Google Glass has generated a lot of interest in recent times. Since the announcement of the gadget, the hype surrounding it has got everyone from moguls of social media to app developers and tech geeks clamoring to get in-depth knowledge. This futuristic and revolutionary piece of tech is likely to have a huge impact on the way social media is used. Some say Google Glass is a reminder of old futuristic films and they are excitedly awaiting its release in anticipation of getting a somewhat Terminator style of vision. The idea is pretty cool.
It has been clearly specified by Google that this product will not host ads, a welcome relief for those who hate pop-ups which distract you from important tasks like driving. Many social media biggies are working on ways in which their services can be integrated into Google Glass. So maybe some time in the near future, you’ll have Facebook updates flashing across your line of vision. Whether or not you like the concept, this might very well be the next level of social networking.
How exactly is Google Glass going to impact social media?
First, let’s look at the face recognition concept that’s coming up on Facebook. It can spot your friends in pictures and tag them. Google’s image recognition feature is pretty advanced too, so Google Glass will possibly identify people on social networks by simply looking at their faces and simplify the networking process. As of now, Google Glass can identify shops, buildings and other attractions in the area as well as recommend them based on reviews from friends.
The location services feature offered by Google Glass is a noteworthy one. Google Maps and Glass are going to be integrated and a person’s location can be utilized for advertising and social purposes. So while you enjoy a meal at a great restaurant, you could post a tweet to recommend it to Google Glass wearers nearby. So you’re a stage ahead of Google reviews.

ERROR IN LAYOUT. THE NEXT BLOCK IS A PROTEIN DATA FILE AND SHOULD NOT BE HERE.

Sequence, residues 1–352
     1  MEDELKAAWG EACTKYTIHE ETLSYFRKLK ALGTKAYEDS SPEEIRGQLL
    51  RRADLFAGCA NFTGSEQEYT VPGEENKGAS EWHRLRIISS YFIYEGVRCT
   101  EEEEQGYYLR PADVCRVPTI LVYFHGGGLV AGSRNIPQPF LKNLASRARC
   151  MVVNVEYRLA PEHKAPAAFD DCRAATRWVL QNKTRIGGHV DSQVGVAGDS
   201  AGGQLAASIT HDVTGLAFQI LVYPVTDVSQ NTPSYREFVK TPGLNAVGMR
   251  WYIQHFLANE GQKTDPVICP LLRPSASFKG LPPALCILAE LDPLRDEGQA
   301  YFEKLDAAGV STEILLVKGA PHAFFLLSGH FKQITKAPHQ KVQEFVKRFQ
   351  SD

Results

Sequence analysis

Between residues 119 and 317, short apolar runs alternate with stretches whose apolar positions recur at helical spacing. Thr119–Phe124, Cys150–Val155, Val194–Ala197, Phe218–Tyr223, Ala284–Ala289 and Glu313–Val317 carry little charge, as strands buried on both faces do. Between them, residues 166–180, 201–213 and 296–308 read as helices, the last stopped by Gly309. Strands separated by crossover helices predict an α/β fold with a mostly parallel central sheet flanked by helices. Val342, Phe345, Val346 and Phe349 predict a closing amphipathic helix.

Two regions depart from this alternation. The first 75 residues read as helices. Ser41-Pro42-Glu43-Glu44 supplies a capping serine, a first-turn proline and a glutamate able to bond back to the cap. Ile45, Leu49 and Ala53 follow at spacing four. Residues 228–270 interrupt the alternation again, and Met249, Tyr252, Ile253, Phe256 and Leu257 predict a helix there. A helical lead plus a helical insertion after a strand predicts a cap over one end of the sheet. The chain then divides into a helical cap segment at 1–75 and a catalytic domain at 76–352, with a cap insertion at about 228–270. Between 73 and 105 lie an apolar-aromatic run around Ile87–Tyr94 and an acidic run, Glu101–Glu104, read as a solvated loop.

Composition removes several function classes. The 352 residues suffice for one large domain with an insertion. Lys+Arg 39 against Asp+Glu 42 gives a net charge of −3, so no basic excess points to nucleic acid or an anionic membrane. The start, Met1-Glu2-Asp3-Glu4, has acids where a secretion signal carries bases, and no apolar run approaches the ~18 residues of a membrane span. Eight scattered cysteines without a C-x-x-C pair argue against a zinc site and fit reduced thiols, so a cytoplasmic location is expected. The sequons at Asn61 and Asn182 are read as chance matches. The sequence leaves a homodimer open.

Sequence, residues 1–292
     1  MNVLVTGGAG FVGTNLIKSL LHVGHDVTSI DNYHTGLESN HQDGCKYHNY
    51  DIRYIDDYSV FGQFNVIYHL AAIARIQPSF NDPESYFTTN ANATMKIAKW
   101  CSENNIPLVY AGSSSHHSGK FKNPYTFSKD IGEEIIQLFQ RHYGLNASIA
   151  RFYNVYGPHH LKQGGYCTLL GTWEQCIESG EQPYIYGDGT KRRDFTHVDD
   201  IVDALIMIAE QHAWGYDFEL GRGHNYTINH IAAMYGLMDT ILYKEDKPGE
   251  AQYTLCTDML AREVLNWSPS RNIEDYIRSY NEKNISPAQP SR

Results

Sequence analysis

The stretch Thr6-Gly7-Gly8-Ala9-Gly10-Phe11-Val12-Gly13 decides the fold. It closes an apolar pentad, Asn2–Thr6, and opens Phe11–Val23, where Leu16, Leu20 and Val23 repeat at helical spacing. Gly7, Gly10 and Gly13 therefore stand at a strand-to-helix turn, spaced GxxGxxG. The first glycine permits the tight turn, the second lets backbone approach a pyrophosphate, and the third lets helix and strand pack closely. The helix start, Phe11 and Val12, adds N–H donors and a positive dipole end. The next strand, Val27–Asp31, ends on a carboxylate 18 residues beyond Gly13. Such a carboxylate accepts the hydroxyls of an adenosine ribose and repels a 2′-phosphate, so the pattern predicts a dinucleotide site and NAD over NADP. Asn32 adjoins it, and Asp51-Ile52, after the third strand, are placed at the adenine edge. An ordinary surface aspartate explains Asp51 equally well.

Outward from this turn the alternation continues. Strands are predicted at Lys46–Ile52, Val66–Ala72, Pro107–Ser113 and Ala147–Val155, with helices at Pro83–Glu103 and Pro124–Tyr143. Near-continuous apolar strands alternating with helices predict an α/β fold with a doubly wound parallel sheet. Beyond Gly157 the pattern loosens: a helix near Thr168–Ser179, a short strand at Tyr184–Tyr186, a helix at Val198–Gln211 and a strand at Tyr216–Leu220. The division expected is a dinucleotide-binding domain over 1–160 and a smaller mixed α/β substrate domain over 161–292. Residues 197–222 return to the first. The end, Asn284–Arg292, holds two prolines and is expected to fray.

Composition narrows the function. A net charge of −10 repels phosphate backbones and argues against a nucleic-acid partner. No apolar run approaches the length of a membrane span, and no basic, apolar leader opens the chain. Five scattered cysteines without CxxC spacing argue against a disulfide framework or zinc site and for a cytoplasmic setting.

One of the primary abilities of Google Glass is live streaming of first person images and video. This has led to concerns regarding piracy and privacy such as filming an exhibition or a person without permission. This could however, lead to a substantial increase in the use of visual social channels such as Instagram, YouTube, and Vine.
In effect, you could participate with social experts in live sessions, get behind the scenes previews of events, let your family and friends have first-hand experiences of special occasions and upload hundreds of videos on the internet. This is great news for marketers and businesses since video and pictures often prove to be more effective at engaging followers and fans.
Whether Google Glass is revolutionary or invasive as far as social media is concerned is debatable. The same people who were against having a Facebook profile for reasons of privacy earlier have now started using the service. If there’s clarity in privacy statements, there appears to be no reason for not combining social media with the day-to-day lives of people.